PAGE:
In the second third of the 19th Century, all America was awash with writings about Columbus's four voyages from Spain to the New World of the Americas, or "Cathay" as he thought he had reached. The first voyage, in particular, was widely hailed as the greatest single exploration in world history up until that point.
James Fenimore Cooper had read many earlier accounts: the journal of Christopher Columbus himself, descriptions by the great Cervantes and by his fellow Americans Washington Irving and William Hickling Prescott. But he went beyond them all in MERCEDES OF CASTILE, or, THE VOYAGE TO CATHAY. In that novel of 1840 Fenimore Cooper told the (fictitious) tale of 20 year old Luis de Bobadilla, Conde (Count) de Llera. He is in love with 18 year old Mercedes de Valverde, heiress and orphaned ward of Luis's aunt Beatriz, best friend from girlhood till the latter's death of Queen Isabella of Castile. Luis has proven himself at an early age a veritable Achilles of a Christian knight in successful campaigns to expel the conquering Muslims from Spain. He has also sailed all around the Mediterranean for adventure. This was at a time (about to change dramatically once Columbus returned to Spain in 1493) when voyaging was simply "not done" by grandees of Spain.
The pious Queen Isabella is as aware of Luis's weak points as she is of his strengths. Her Majesty prudently sets in motion a test: if and only if incognito Luis accompanies Columbus on his 1492 voyage and acquits himself well, will she approve the marriage of Luis and Mercedes. For her part, Mercedes, though madly in love with the Conde de Llera, has promised the Queen never to marry without the royal permission.
All goes very well on this first voyage. Columbus discovers both Cuba and Hispaniola. On matrilinear Hispaniola, young Luis is befriended by a young Haitian prince and introduced to his lovely sister Ozema. With the help of one other Spanish crewman who is armed with an arquebus, Luis beats off a surprise attack by another Caribbean prince intending to carry off Ozema and marry her against her will. The brother, sister, Luis and Columbus agree that for the temporary safety of Princess Ozema, she will return to Spain on one of the two remaining vessels of Columbus's fleet to be presented to Queen Isabella, patroness of the voyage.
Ozema, though young, naive, sheltered and pure in heart, is nonetheless something of a linguistic genius. When Luis first sees her, he involuntarily gasps "Mercedes" because the Haitian reminds him so much of his distant love. Ozema's one linguistic blunder is to think that "Mercedes" is a Spanish word used to describe anything beautiful and admired. She is in love with Luis, but he (dreaming ever of the fair Mercedes) never notices. During a terrible storm at sea on the home voyage, Luis takes from around his neck a crucifix and gives it to the Princess to prepare this pagan for something approaching a resigned Christian death. But Ozema takes this transfer to be a rite of Christian marriage. In her mind Luis and Ozema are now man and wife. By the time she reaches Spain, the princess is fluent, if not yet entirely grammatical, in Castillian Spanish.
Problems become acute back in Barcelona, where the royal court is assembled. Ozema shows off her crucifix to Mercedes and her aunt to whose care the innocent Luis has committed the Princess. Ozema says that she and Luis are married. Mercedes is stunned; for the cross had been a gift from her to Luis to express their own undying, unbreakable love. Now, Mercedes is ready to give up Luis.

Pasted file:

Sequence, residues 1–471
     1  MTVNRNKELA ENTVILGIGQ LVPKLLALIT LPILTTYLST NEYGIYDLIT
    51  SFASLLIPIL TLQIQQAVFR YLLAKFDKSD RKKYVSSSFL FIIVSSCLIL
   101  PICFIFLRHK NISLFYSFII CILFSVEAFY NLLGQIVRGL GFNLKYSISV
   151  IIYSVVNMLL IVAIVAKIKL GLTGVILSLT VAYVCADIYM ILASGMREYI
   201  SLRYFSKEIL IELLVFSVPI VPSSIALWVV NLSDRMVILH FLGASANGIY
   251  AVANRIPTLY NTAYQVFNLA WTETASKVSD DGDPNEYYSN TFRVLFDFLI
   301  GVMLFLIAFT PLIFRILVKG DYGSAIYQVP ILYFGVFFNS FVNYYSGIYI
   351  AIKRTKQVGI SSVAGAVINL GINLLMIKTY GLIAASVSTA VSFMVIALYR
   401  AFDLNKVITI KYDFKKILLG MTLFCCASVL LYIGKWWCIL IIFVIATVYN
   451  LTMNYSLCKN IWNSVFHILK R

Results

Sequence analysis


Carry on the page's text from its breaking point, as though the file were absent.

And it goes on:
Queen Isabella is sorely tempted to degrade Luis as a sexual bounder. But Columbus, who had witnessed the gift of the crucifix during the storm, convinces Her Majesty that Luis loves only Mercedes. Defeated in love, Ozema sinks toward death. She asks to be baptized but only after Luis and Mercedes are first wed in her presence. That done, Ozema then begs Luis to take her as a second wife. An irate archbishop and an empathetic Queen Isabella react differently to this request -- as Ozema slips into death.
Cooper sums up:
"Thus fled the first of those souls that the great discovery was to rescue from the perdition of the heathen. ... Little did she (Queen Isabella) foresee, that the event was but a type of the manner in which the religion of the cross was to be abused and misunderstood; a sort of practical prognostic of the defeat of most of her own pious and gentle hopes and wishes" (Ch. XXX).
This love story of Luis, Mercedes and Ozema is embedded in the earlier (1469) love match between Isabella of Castile and her cousin Fernando of Navarre. She had married without the permission of the King of Castile, her brother. But she trusted that Mercedes and Luis would not follow her own example!
James Fenimore Cooper, the author, was himself a loving husband and father of daughters. If there was ever a great woman of history whom Cooper admired, it was Queen Isabella. Women readers of 2010 will find no cause to fault Cooper for not understanding and cherishing women.
It is refreshing to go back a mere 170 years to a book of 1840 when most Americans were still unabashedly in awe of the accomplishments and sincerely religious intentions of The Great Navigator, Christopher Columbus, a good man not always responsible for the evil deeds of some of his greedy followers.
As Cooper wrote in the preface to MERCEDES OF CASTILE:
"… we state truths, with a profession of fiction, while the great moral caterers of the age state fiction with the profession of truth."
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